T4 Text Transformation in MetaSharp

Previously in MetaSharp I had a custom Templating engine for textual transformations. It was a custom grammar and was pretty simple. It worked well and all was good but it was becoming a maintenance burden for me and, I think, turned people off to MetaSharp more than attracted them. So I decided to spend a little time and try to integrate T4 into my templating library as a replacement.

It was actually reasonably simple to accomplish. The hardest part, of course, was working with AppDomains. T4 is a dynamic tool living in a static world and as such it requires an AppDomain to do its magic so it can all be unloaded without a trace. Because of this T4 isn’t very amenable to input. Most examples I found online start with firing up your template then beginning by reading a file or creating a class that connects to a database. In my case I have already have my metadata and would like to pass it into a T4 template but it’s in memory only. The first thing you have to do is make your model Serializable.

Next you need to know about the “inherits” and the “hostspecific” attributes. You add something like this to the top of your template:

<#@ template language="C#" inherits="SongMetaTemplate" hostspecific="true" debug="true" #>

This is for my Song sample application. I then create a SongMetaTemplate class that knows how to cast the model into a Song enumeration.

public abstract class SongMetaTemplate : MetaTemplate
    public IEnumerable<Song> Songs
        get { return ((IEnumerable<INode>)this.Model).Cast<Song>(); }

Adding a hostspecific attribute to the template causes the template class that inherits from the SongMetaTemplate to also have a Host property which gets loaded up with the Model provided by my pipeline. The MetaTemplate knows how to fetch that host model for me.

public abstract class MetaTemplate : TextTransformation
    private object model = null;

    protected object Model
            if (model == null)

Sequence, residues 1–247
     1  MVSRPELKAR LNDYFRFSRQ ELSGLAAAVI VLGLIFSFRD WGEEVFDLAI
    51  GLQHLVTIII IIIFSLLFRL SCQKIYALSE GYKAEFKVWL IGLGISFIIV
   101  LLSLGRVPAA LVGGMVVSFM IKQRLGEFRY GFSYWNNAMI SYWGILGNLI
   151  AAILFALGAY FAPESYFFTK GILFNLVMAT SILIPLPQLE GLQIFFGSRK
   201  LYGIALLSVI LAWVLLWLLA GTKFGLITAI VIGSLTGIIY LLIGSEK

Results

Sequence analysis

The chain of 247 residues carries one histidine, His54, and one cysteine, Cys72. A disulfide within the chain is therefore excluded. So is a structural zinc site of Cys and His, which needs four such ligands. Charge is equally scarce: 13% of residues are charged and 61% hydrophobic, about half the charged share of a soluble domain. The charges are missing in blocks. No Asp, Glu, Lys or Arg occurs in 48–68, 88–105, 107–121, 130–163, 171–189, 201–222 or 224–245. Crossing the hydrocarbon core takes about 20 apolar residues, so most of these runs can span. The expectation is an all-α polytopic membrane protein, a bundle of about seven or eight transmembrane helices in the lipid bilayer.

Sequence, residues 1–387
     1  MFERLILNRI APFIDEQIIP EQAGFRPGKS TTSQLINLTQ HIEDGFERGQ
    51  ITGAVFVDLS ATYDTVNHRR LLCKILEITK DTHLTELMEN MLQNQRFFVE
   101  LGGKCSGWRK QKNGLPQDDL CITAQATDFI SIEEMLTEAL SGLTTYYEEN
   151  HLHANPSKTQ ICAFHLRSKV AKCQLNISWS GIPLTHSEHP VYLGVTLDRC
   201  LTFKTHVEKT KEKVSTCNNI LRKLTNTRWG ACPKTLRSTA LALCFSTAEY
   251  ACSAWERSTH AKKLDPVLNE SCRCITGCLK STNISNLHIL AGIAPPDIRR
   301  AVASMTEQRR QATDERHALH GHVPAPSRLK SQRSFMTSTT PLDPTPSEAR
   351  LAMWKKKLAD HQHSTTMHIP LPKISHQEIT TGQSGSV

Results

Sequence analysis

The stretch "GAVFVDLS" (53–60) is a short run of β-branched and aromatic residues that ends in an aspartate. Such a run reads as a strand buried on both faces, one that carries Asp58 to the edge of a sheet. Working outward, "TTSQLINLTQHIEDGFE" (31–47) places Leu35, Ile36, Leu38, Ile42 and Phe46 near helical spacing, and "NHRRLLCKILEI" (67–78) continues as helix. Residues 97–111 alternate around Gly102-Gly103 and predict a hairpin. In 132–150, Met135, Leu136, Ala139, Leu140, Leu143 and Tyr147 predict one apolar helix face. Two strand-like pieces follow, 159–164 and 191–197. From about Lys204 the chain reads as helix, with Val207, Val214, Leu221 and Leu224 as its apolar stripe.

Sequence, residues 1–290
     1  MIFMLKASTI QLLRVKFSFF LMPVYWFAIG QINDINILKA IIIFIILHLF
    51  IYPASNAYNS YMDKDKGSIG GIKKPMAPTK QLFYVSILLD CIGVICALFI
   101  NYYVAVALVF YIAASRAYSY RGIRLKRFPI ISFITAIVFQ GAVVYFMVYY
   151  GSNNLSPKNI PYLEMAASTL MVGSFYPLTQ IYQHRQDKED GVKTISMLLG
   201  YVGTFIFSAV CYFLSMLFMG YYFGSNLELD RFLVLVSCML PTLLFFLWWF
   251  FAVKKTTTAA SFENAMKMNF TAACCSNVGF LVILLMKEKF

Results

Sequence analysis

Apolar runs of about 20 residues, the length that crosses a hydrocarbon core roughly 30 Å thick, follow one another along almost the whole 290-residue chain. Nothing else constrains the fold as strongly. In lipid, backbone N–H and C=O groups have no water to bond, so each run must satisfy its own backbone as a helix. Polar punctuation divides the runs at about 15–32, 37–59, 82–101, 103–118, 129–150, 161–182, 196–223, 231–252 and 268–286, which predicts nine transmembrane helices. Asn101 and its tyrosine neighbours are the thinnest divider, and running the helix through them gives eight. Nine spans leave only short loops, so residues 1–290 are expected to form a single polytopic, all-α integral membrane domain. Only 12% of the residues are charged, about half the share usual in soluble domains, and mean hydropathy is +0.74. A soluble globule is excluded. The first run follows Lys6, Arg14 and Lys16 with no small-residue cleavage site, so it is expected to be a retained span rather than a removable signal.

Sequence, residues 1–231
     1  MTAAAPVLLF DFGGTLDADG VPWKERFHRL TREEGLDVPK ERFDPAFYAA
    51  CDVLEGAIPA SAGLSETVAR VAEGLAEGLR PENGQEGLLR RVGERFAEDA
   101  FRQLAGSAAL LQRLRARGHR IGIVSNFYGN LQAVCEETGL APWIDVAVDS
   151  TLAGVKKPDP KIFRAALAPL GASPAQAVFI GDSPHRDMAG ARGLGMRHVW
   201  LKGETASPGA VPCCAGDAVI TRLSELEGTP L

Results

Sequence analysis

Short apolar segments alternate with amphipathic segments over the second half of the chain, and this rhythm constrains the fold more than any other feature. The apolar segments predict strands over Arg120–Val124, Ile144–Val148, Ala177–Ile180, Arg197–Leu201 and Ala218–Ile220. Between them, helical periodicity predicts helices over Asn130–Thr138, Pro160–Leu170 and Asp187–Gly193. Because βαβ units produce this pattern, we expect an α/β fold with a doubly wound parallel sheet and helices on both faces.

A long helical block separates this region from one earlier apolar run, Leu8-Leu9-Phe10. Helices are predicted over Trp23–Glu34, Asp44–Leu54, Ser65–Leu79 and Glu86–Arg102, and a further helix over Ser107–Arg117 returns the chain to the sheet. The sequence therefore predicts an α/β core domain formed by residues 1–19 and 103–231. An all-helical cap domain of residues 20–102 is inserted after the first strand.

dynamic metame = this;
                var metaHost = metame.Host as MetaSharpTextTemplatingHost;
                if (metaHost != null)
                    this.model = metaHost.Model;

            return model;

    public override string TransformText()
        return this.GenerationEnvironment.ToString();

And that’s it! My template can now get a hold of the Song AST parsed from the DSL earlier in the pipeline. Here is an example template in its entirety:

<#@ template language="C#" inherits="SongMetaTemplate" hostspecific="true" debug="true" #>
<#@ assembly name="DynamicSongBuilder" #>
<#@ import namespace="DynamicSongBuilder" #>

<# foreach(var song in this.Songs) { #>
    <# foreach(var b in song.Bars) { #>
        <# foreach(var n in b.Notes) { #>
            play(<#=song.Duration #>, "<#=n.Key #>", <#=n.Octave #>);
        <# }
} #>

The template code is C# but the code generated is actually for my own custom language. In this case it’s parsed into Linq expressions and compiled into a delegate using a context object with a play method. It’s then executed dynamically and also collected by the GC when dereferenced. I plan to replace the custom language also, but its proving difficult without a reasonable parser to replace it.

Author: justinmchase

I'm a Software Developer from Minnesota.

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